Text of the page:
At the more individual level, we also have to understand how these economic and social impacts filter through to families. For example, has any increased unemployment or reduction in pay limited the resources of families to an extent that their children’s prospects are altered? Or have school closures increased inequalities in achievement?

What research is under way?

To increase our understanding of the impact of the Covid-19 crisis, researchers across the UK are working to gather evidence about how it will affect drivers of social mobility:

  • The Office for National Statistics is collecting timely, experimental data on the social impacts of the pandemic and lockdown.
  • Abigail Adams-Prassl, Teodora Boneva, Marta Golin and Christopher Rauh have a Covid Inequality Project, collecting and analysing data on the impact of the lockdown on individuals in the UK and the United States.
  • The Institute for Fiscal Studies is tracking time-use of parents during the pandemic: see here for more information.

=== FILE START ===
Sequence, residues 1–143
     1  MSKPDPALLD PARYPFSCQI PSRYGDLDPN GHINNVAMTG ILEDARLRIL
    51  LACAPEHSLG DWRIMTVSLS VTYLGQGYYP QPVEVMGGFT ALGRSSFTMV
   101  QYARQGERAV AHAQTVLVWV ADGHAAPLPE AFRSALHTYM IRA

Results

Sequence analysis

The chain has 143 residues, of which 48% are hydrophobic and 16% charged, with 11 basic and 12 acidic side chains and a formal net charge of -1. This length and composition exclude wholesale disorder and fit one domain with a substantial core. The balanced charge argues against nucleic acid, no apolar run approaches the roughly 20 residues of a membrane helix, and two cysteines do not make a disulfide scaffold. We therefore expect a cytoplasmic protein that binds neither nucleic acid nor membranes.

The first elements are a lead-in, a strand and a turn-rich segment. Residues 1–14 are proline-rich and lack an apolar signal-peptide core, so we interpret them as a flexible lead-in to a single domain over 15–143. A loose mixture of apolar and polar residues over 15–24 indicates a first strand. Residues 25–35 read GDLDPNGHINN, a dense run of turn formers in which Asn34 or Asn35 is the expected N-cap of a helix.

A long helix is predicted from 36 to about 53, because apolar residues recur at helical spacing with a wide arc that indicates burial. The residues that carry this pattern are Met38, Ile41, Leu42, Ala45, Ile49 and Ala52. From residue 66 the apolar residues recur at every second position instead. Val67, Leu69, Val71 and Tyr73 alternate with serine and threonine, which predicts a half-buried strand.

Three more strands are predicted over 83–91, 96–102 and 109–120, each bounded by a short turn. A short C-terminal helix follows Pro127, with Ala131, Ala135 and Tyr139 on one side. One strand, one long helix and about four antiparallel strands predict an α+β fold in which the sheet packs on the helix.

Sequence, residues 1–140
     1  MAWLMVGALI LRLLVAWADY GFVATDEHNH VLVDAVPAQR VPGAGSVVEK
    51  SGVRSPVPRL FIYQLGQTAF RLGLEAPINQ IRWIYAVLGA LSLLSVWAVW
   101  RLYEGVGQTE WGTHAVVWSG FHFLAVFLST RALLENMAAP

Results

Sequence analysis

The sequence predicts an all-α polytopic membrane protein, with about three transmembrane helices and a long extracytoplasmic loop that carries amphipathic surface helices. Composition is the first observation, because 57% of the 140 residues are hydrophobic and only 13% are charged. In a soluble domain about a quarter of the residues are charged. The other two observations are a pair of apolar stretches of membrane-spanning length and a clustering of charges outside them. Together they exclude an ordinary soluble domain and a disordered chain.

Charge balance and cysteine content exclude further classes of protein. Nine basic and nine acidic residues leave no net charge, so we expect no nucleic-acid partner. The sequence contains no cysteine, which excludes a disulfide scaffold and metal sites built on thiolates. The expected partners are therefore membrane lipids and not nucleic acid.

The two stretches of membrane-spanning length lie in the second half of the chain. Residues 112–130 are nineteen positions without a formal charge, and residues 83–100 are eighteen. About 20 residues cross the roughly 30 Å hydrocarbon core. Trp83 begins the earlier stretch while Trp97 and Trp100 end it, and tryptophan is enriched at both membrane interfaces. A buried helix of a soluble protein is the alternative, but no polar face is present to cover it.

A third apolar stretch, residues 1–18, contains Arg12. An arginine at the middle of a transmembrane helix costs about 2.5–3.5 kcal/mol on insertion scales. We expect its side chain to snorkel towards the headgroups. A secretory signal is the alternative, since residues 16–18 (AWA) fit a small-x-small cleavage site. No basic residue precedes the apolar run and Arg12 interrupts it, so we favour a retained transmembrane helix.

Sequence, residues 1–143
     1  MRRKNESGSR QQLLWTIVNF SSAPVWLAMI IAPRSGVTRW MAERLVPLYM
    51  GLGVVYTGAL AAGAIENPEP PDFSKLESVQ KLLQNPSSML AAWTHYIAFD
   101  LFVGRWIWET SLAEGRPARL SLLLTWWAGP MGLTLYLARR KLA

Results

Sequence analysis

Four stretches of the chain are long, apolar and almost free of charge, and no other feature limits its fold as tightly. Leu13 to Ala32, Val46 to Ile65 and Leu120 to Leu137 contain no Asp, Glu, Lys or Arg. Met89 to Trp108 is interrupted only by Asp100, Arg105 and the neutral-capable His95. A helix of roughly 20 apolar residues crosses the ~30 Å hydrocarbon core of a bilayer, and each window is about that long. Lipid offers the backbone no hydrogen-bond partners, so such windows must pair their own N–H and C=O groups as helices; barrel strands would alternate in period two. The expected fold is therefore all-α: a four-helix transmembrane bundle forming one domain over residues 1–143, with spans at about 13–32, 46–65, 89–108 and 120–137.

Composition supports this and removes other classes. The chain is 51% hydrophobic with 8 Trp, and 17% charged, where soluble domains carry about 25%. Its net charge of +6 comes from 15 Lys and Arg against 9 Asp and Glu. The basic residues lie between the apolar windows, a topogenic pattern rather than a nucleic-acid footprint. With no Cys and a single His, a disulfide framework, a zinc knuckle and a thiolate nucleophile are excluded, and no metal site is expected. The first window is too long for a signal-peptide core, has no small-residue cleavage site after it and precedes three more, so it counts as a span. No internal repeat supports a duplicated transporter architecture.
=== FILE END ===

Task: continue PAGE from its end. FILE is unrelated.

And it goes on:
• Stephen Machin, Lee Elliot Major and Andy Eyles are starting a UKRI project: Generation COVID and Social Mobility: Evidence and Policy funding.
  • The European Economic Association keeps track of current research on the impact of the Covid-19 crisis in a wide range of areas.

Where can I find out more?

Prepare for large wage cuts if you are younger and work in a small firm: Brian Bell, Nicholas Bloom, Jack Blundell and Luigi Pistaferri discuss how the Covid-19 crisis is likely to affect workers who are young and/or work in small firms.

COVID generation faces ‘dark age’ of low social mobility: A blog post explaining the main findings from Stephen Machin and Lee Elliot Major’s report, Covid-19 and social mobility.

The coronavirus and the next generation: Bart Cockx describes the likely implications for those graduating into the current crisis.

Do youths graduating in a recession incur permanent losses? Bart Cockx summaries his research on the impact of recessions on recent graduates.

Covid-19 will raise inequality if past pandemics are guide: Davide Furceri, Prakash Loungani, Jonathan Ostry and Pietro Pizzuto look at historical evidence of the impact of pandemics on inequality.

Children’s socio-emotional skills and the home environment during the Covid-19 crisis: Gloria Moroni, Cheti Nicoletti and Emma Tominey discuss the potential unequal impact of the lockdown on children’s skills.

Supporting parents and children in the early years during (and after) the Covid-19 crisis: Gabriella Conti writes about how the crisis might perpetuate early socio-economic inequalities.

Who are UK experts on social mobility?

Author: Mark Mitchell